A roundtable featured, with many others, CESNUR and The Church of Almighty God.
Table of Contents
Religions: Resource or Problems for Peace?
On September 19, 2019, a well-attended side event on “Broadening the Impact of Peace” was co-organized at the United Nations in Geneva by Fundación Vida Grupo Ecologico Verde and Mejora – Fundation for the Improvement of Life, Culture and Society, together with a dozen of partners, including CESNUR, the Center for Studies on New Religions, the parent organization of Bitter Winter. The date was selected to celebrate the International Day of Peace.
I was asked to chair the second session, devoted to the contribution of new religions to the promotion of world peace. I observed that the first problem to be solved is whether religion in general is a resource or a problem for peace. This is one of the oldest problems in the academic study of religion. Paradoxically, the study of religion in the academia was started or influenced by social scientists who were not religious or had little sympathy for religion, including Karl Marx (1818–1883) and Émile Durkheim (1858–1917). At best, they believed that religion provided social control for the lower classes, a social need for Durkheim and the opiate of the people for Marx.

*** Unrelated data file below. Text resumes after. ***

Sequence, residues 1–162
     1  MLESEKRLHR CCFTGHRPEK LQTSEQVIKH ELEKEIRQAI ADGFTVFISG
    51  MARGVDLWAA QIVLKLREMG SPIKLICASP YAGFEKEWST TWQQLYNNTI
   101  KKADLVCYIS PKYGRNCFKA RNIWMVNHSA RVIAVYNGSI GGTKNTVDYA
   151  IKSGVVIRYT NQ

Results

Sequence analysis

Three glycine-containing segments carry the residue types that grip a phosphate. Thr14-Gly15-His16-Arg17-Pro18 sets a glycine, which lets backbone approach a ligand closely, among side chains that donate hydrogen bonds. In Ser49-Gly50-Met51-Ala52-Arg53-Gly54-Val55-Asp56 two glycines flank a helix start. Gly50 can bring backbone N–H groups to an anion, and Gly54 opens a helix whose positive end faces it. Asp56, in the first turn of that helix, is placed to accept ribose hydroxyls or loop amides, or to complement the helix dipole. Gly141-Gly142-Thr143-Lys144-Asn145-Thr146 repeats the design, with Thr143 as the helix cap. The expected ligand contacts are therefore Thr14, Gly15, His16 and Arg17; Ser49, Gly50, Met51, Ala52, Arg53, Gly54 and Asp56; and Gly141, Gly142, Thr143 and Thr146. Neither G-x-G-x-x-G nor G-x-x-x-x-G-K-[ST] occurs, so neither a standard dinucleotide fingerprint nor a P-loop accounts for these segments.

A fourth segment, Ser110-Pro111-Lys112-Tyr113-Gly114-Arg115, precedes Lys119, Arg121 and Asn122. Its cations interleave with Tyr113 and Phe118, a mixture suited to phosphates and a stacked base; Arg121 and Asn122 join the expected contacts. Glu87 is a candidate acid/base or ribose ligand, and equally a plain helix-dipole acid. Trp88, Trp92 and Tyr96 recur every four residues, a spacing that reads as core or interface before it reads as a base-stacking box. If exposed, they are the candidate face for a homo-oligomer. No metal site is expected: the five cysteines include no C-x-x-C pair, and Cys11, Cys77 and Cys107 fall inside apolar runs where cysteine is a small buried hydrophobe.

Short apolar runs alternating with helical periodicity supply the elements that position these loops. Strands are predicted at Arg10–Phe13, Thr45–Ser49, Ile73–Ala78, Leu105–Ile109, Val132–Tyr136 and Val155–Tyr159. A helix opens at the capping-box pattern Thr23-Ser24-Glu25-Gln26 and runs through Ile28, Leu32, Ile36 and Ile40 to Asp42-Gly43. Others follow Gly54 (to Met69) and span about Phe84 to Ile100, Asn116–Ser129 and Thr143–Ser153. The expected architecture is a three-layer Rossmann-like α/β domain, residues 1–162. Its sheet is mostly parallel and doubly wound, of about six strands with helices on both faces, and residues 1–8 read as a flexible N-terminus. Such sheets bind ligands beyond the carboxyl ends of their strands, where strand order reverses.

More recently, the rise of religious terrorism and clerical pedophilia led many secular philosophers and media to claim that religion is actually a threat to world peace. In fact, however, this question cannot receive black and white answers. There are terrorists who misleadingly invoke the name of God and pedophile priests and ministers of different religions, but there are also countless good people who serve their fellow human beings, the poor, the elderly, the sick moved by their religious faith. Sociologists such as Rodney Stark and Brian Grim have observed that, should all religion-based hospitals, drug rehabilitation centers, and social services disappear, the costs for democratic states to replace them would be so high that their economies would quickly collapse.